Using New Literacies as Quick Fixes: Blog it! Wiki it!

I feel that blogs have become the Band-Aid to the myriad of problems in freshman composition. Students not motivated? Use blogs! Students not grasping audience? Use blogs! Students not interested in what you’re assigning them? Use blogs! Because of this reliance and potential over enthusiasm for blogs, I myself have grown skeptical.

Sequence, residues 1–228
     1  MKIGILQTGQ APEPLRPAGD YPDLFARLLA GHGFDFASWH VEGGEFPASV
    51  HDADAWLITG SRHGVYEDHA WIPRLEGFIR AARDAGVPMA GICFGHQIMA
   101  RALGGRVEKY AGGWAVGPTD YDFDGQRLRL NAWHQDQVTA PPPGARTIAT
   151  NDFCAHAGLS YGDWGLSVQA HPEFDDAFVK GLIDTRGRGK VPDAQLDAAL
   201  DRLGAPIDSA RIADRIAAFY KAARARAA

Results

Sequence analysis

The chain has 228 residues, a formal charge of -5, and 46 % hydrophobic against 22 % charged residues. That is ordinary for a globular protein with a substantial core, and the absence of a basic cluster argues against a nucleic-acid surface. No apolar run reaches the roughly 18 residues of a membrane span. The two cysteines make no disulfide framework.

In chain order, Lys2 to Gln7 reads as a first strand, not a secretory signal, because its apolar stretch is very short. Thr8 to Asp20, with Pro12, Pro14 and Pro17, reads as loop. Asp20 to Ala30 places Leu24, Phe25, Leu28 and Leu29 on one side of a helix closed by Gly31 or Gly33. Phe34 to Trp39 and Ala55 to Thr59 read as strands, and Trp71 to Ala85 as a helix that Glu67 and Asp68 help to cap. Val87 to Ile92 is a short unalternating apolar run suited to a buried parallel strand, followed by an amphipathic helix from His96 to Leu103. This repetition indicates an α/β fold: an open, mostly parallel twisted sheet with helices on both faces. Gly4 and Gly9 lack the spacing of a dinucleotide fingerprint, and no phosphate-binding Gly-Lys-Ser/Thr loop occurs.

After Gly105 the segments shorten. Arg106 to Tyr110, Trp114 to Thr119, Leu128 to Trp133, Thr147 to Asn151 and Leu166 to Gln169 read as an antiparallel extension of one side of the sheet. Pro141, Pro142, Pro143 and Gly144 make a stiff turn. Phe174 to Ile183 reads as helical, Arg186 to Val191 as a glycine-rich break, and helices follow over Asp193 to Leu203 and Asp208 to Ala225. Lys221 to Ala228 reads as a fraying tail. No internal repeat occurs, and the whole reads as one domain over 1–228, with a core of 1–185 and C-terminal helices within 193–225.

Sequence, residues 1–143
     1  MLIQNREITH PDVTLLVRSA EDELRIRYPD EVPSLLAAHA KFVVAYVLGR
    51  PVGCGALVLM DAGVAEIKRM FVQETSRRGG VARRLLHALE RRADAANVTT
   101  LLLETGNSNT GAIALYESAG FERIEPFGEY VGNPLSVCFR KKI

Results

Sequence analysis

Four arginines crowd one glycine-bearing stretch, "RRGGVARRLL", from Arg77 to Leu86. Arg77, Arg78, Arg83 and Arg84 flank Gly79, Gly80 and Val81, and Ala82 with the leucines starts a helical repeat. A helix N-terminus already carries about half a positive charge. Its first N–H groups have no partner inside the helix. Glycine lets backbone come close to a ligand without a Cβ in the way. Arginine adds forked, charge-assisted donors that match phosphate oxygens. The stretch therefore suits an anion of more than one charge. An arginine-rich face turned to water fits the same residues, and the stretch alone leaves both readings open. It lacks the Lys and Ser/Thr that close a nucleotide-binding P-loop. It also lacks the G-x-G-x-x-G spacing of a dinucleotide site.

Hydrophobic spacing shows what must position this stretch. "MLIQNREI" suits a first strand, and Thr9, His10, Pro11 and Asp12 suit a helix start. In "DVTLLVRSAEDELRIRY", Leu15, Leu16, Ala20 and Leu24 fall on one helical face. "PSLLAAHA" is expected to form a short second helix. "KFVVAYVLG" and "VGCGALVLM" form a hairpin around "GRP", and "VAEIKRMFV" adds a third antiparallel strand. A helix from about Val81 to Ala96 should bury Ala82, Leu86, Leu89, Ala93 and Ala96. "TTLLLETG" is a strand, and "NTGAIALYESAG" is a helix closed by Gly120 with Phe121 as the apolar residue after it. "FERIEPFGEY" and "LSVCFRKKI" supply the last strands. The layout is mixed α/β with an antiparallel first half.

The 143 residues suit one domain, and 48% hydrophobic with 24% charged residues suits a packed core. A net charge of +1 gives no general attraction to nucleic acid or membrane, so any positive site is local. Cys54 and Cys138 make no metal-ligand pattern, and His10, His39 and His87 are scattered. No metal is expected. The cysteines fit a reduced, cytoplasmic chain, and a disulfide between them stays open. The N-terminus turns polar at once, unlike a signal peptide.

I valued Richardson’s (2010) detailed explanation of Blogs in the classroom because he’s right – blogs can be very powerful when used in the right way. As a new teacher, I find myself struggling to have students write for authentic and real audiences, besides myself. Writing individual papers only aimed at me makes them both boring and stagnant. Blogs seem like a good alternative.